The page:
'I Don’t Want To Play’ is lead by a propulsive guitar, moving into something much more musically complex.  It feels powered by its own fission: animated, perhaps deceptively sanguine, because always, with Ross, appearances are never the complete story.  What may seem straightforward jazz, infectious and lively, becomes, in the chorus, something more complicated; not only does the time signature get more tenuous, but the nuances in the voice hint at something more searching, more assailable.  The production builds with intricacy and precision, and the interplay of vocals, backing vocals, and sax leave the listener’s heart pounding. 'You Didn’t Want Me’, with its staccato piano, guitar, with a tickle of sax, grabs hold with a purpose.  It feels urban, like the urban of 1950s new York, as Ross, her voice strong and clear, sings, 'You turned me into something so weak’ - surely this is poetic license as there is no possibility that that voice could ever indicate weakness.  And again the dance of the backing vocals and Ross’s lead is thrilling, and fronts the seamless onslaught of sax, piano, drums, and guitars that feels like an alchemy of adrenaline and sunshine - a masterwork.  'You’re A Fool’ feels like a seduction, the strum of a soft jazz guitar, the brush on cymbal, the sweeping, gentle rock-a-bye of languorous jazz.  The song builds with humor and delicacy, culminating is a sparkling layering of backing vocals and a strong playful melody that leaves a joyful hangover.

    Ross has utilized the format of the double album to give us an insight into the machinations of creativity.  The opening song highlights the brilliance of the album’s conception, a rousing version of '27 Reasons’, Ross’s incandescent voice energizes and, basically, just makes you happy to be alive, belying the lyrics, which playfully strategize the battle between rationality - why the relationship should be ended - and the irrationality of the heart, exemplified by the very fact that the reasons must be listed and the argument outlined.  Disc two also opens with '27 Reasons’ - and here is the genius of the album - this time with full band, and we see the colors and possibilities, the myriad permutations of music.  Whereas disc one’s version of '27 Reasons’ feels intimate, like two friends getting together to chase away the blues, the version on disc two announces the force of what is to come, ravishes the listener with the power and mastery of full octane jazz.  By redoing the first song we get the transcendence of coming together - we get the band - we get an aural representation of getting over the heartbreak, a blooming, a sense of and a rejoining of the outside world.  The accompaniment, from both band and backing vocals, open the song up, turn it from a self-excoriation, a lamentation, into a celebration of the ending something that wasn’t about to do anyone any good anyway.  Heartbreak and misery never sounded so good.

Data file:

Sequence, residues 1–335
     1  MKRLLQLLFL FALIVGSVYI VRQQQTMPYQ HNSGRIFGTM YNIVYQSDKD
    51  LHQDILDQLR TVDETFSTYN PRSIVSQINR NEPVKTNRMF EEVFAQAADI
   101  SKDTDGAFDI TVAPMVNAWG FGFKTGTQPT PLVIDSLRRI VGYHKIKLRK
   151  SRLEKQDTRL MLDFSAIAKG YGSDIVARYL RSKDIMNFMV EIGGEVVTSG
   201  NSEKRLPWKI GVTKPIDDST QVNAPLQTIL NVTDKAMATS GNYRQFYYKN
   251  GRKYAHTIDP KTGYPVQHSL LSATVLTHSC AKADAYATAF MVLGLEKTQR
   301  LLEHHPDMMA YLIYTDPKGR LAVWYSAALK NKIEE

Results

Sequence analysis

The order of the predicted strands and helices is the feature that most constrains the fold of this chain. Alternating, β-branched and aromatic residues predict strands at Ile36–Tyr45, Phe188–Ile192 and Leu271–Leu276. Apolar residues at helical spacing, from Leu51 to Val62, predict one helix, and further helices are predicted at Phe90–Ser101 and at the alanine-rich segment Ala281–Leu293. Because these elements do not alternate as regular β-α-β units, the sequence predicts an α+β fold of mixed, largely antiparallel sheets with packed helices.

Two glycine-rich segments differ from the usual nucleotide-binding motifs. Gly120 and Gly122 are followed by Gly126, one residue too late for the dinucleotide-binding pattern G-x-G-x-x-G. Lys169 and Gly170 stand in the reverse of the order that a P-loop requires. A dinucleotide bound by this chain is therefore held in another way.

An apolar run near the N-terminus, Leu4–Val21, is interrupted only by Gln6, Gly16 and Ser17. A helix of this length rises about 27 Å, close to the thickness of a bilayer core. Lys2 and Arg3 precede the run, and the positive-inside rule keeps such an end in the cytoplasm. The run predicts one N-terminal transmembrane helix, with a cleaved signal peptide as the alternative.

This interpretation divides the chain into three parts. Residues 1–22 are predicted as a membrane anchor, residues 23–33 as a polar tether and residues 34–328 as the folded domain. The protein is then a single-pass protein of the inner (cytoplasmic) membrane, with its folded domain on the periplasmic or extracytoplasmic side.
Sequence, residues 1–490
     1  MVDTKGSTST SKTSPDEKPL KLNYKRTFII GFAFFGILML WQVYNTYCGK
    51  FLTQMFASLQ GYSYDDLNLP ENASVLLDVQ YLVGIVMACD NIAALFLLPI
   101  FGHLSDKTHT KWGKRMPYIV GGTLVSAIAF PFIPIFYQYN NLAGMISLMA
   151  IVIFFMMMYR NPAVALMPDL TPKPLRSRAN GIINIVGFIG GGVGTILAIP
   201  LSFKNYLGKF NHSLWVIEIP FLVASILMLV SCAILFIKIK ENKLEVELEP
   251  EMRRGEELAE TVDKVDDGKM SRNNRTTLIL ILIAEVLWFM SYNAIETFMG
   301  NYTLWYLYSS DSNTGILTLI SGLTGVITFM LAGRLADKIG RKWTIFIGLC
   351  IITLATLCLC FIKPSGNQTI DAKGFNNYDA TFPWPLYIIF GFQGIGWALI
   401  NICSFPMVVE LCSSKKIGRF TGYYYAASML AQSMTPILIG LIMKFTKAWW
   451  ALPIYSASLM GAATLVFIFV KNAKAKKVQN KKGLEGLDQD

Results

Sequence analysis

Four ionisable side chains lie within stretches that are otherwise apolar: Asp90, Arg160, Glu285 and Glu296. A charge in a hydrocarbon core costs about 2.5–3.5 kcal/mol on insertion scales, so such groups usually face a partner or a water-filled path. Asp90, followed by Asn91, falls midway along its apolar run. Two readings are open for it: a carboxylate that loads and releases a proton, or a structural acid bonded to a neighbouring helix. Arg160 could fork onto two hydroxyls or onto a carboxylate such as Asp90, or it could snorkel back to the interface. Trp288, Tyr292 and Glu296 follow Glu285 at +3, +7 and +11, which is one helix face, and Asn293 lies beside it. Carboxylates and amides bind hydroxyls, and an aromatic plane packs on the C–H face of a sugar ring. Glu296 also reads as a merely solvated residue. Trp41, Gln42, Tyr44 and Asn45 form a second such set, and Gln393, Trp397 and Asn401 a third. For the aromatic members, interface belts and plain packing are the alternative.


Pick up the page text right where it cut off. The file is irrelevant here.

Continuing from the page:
Ross’s voice is pure, a voice like oxygen, that energizes the listener, clear and enveloping; it takes flight, bright and glistening, as she sings about heartbreak, about pain, about relationships gone wrong, but instead of being a weight around our soul and dragging us into the morass, Ross fills us with light - she lifts us up, and despite the hopelessness and loss of tarnished love, makes our hearts rocket, and leaves us smiling.

    Garth Twa
  • This double album by Fiona Ross is an absolute joy to immerse oneself in. Her voice is beautifully clear and her tone vibrant. There is an absorbing honesty to her delivery and her timing and tuning are impeccable. All this forms the perfect conduit by which to deliver these intensely personal and quirky songs of love, loss and yearning. There is an incisive honesty and humanity in the detail that takes each song’s message straight to your heart. I loved the contrast in production style between the sparsely produced 'Side 1’ and the full band performances of Side 2.

    Ola Onabule